SONY DSCBio: A psychologist, author, editor, philosopher, martial artist, and skeptic, Dan has published several novels and currently has many in print, including: The End of the World Playlist, Bitten, The Journey, The Ocean and the Hourglass, The Path of the Fallen, The Portent, and Cerulean Dreams. Follow him on Twitter (@AuthorDanOBrien) or visit his blog He recently started a consultation business. You can find more information about it here:

The Journey CoverThe Path of the Fallen CoverTwins

Adventures in Poetry

Rossetti was interested in figures locked in e...

Chris Huck has a PASSION for poetry. Combining that passion with an extensive knowledge, incredible artefacts and the team work of other authors creates magical adventures the first Saturday of the month in a little room on the Huddersfield University campus. I’ll let him tell you all about it:


Holmfirth Writers Group runs an Open Poetry Day every month. This comprises of a session where we study a particular poet or group of poets; these have included, Sappho, Emily Dickinson, The Metaphysical Poets, William Blake, the Imagists and Sylvia Plath. Most recently we looked at Christina Rossetti’s poem, Goblin Market 



After coffee we write till lunch time. After lunch we have a review period where we read and discuss poems brought in by those attending (bring 10 copies), please note that we only use constructive criticism.



We begin at 9.30 with a break for lunch at midday and we finish around 3pm. Tea and coffee are free. The venue is Huddersfield University room HWG 07 just beyond the main entrance, ask at the desk. Parking is free, just say ‘Poetry Day’ at the barrier. The cost is £12 waged £8 concessions, which pays for the room.



This is a stimulating day for anyone with an interest in poetry and the Holmfirth Writers, who are the core group, are bright and friendly. Please leave a comment, if you’d like more information.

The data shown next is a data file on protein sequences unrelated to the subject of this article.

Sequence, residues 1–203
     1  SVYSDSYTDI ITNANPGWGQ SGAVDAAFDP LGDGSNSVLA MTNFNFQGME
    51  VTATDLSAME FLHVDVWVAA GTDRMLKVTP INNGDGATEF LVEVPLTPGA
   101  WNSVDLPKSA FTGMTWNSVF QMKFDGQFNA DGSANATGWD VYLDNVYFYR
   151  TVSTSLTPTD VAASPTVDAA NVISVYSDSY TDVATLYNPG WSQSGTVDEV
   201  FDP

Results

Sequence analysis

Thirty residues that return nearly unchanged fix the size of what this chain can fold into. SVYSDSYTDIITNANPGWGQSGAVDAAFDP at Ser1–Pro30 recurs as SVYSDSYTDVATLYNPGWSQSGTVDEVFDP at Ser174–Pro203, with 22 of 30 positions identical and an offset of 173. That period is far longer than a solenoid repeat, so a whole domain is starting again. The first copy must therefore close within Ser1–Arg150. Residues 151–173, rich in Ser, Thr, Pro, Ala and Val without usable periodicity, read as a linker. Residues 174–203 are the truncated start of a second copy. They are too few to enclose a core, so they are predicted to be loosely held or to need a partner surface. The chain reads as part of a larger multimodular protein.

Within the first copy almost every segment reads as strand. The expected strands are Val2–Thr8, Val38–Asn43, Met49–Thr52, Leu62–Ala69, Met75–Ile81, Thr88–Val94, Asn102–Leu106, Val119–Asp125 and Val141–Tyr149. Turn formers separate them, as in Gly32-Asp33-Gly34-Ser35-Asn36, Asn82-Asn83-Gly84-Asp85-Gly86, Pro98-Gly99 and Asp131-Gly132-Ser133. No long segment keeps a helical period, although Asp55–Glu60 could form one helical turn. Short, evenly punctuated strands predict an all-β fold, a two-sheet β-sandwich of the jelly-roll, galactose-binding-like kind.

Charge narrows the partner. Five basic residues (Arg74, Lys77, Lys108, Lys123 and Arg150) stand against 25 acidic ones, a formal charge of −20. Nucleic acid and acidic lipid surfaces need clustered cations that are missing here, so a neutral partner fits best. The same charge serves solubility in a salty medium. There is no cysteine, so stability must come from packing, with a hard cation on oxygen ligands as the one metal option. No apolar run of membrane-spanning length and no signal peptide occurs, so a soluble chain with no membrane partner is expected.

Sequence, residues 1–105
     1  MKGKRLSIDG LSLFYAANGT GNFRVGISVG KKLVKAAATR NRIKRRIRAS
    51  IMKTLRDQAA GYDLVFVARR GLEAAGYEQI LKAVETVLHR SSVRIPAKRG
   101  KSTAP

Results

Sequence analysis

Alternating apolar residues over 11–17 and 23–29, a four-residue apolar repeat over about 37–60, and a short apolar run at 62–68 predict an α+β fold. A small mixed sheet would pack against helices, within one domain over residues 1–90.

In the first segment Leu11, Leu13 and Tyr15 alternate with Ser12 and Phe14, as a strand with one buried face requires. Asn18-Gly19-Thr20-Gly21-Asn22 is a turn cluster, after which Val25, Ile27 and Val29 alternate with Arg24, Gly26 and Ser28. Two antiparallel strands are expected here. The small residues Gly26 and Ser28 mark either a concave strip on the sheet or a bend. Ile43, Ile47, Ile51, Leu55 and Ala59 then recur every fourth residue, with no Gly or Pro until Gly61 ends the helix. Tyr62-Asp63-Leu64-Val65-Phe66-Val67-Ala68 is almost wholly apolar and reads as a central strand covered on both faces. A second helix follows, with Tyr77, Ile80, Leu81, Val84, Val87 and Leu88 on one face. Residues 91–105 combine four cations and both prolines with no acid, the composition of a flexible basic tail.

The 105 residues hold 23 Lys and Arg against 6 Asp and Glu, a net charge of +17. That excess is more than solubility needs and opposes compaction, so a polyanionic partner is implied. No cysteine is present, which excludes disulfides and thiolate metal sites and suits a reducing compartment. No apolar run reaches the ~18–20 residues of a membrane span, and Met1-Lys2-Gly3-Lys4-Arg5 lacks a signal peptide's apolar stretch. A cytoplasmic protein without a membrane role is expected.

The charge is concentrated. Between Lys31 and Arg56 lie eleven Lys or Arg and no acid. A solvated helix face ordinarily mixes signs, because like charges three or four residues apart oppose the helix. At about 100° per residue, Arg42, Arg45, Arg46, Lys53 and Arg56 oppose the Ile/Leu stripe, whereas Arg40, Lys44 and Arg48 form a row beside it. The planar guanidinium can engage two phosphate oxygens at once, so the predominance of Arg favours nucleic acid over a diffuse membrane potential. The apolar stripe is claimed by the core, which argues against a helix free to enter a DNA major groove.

Dark Horse Theatre Premiere

Dark HorseInspirational playwright and director, Vanessa Brooks, gave a talk and ran a workshop for the Holmfirth Writers’ Group last night. She is currently the artistic director of Dark Horse Theatre company, a leading vocational trainer of actors with learning disabilities, developing skills in preparation for work in the industry at the highest level. She is very excited about their current play. This is what she had to say,

“SING SOMETHING SIMPLE is shaping up to be a terrific comedy. We begin rehearsals in just over a week,  three terrific London based actors will join Dark Horse actor Joe Sproulle to work on a show that’s all about love, life, friendship and happiness and its’ so good to be working on a piece that makes you smile! I hope lots of people come along, enjoy a cracking plot which goes at a lick and some fabulous physical sequences worked up to Easy Listening classics such as ‘Volare’ ‘The Party’s Over’ and ‘I’ve Got a Lovely Bunch of Coconuts’!  SING SOMETHING SIMPLE is a comedy for everyone seeking an antidote to troubled times and I just know its going to be a great night out at the theatre.”

GroupAlbertHall frame

 Sing Something Simple






Spencer’s Mum is a jazz singer, his best friend Bonnie plays the mandolin and his brother Kit is heading for pop stardom. Craving the spotlight Spencer goes on his own quest for musical fame which leads all the way to the Royal Albert Hall, inspired by his granddad the legendary Gerry Parkin, session singer extraordinaire.

Surprising, warm, laugh out loud funny and packed full of wonderful live and recorded performances of everyone’s favourite songs like that’s amore!, the party’s over, I’ve got a lovely bunch of coconuts and spread a little happiness this wonderful comedy is a bright and fizzy antidote to the winter blues.

A full length play written by well known playwright Vanessa Brooks, with set and costume by Pip Leckenby who has designed on Broadway and stunning digital projection by Tony award winner Mic Pool this is a world premiere not to be missed.

Subsequent to the show opening for the very first time at the Lawrence Batley Theatre in Huddersfield the production goes on the road to selected venues nationally for it’s UK world premiere tour.

Lawrence Batley Theatre, Huddersfield

Date Wednesday 6th March at 7.30pm–Thursday 7th March at 1.30pm and 7.30pm

Box Office: 01484 430528